Another option is United Launch Alliance's Delta IV Heavy rocket, which has an excellent safety record and has launched several high-profile missions for NASA. However, this rocket requires multiple gravity assists to push the Clipper into a Jupiter orbit, including a Venus flyby. This heating would add additional thermal constraints to the mission, and scientists would prefer to avoid this if at all possible.

A final possibility is SpaceX's Falcon Heavy rocket, with a kick stage. This booster would take a little more than twice as long as the SLS rocket to get the Clipper payload to Jupiter, but it does not require a Venus flyby and therefore avoids those thermal issues. With a track record of three successful flights, the Falcon Heavy also avoids some of the development and manufacturing concerns raised by SLS vehicle. Finally, it offers the lowest cost of the three options.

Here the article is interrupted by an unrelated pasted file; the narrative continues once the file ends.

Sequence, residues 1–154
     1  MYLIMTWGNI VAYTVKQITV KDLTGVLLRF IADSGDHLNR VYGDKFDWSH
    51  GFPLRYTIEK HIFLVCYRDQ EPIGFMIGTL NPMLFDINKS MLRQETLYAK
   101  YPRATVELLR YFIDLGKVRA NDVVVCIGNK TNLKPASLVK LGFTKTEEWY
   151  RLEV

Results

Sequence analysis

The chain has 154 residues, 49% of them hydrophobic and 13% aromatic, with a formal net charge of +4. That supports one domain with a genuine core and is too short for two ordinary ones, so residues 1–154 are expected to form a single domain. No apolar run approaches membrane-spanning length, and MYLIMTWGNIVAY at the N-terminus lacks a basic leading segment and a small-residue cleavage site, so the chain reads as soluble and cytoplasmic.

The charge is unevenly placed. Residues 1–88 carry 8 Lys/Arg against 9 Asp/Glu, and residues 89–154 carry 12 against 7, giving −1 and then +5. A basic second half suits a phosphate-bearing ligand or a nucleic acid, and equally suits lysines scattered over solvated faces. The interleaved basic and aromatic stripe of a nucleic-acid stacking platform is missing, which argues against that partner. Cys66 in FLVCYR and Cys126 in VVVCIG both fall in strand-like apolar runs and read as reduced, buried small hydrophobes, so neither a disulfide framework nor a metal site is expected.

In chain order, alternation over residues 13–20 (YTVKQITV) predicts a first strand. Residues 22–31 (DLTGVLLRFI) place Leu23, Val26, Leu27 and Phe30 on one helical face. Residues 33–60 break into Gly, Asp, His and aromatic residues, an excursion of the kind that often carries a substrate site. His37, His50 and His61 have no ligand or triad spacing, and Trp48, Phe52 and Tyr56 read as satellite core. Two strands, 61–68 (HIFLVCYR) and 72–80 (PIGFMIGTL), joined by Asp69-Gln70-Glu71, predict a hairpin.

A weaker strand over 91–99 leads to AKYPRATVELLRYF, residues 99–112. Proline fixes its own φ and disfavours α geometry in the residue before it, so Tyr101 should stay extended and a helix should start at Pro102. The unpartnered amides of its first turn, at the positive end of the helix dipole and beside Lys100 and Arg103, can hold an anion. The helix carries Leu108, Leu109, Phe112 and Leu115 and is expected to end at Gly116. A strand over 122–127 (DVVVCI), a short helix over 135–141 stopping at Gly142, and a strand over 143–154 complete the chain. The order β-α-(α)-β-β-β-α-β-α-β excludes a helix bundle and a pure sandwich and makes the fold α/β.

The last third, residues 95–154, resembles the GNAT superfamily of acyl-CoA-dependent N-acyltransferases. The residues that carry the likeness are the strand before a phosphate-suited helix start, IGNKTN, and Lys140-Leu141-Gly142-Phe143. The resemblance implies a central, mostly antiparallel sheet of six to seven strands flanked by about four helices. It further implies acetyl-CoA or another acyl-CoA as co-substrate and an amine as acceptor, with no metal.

In the end, however, the rocket decision will probably not come down to technical and cost considerations. Politics, rather, will have the final say. And the Senator to whom Vought's letter was addressed, Richard Shelby (R-Ala.), has championed the SLS rocket for nearly a decade. (The vehicle is designed and managed at Marshall Space Flight Center in Alabama, his home state). So for NASA to get its Europa mission, which the science community generally agrees is a high priority due to the presence of a large water ocean beneath the Moon's icy surface, taxpayers may have to pay an additional $1.5 billion to placate a powerful policymaker.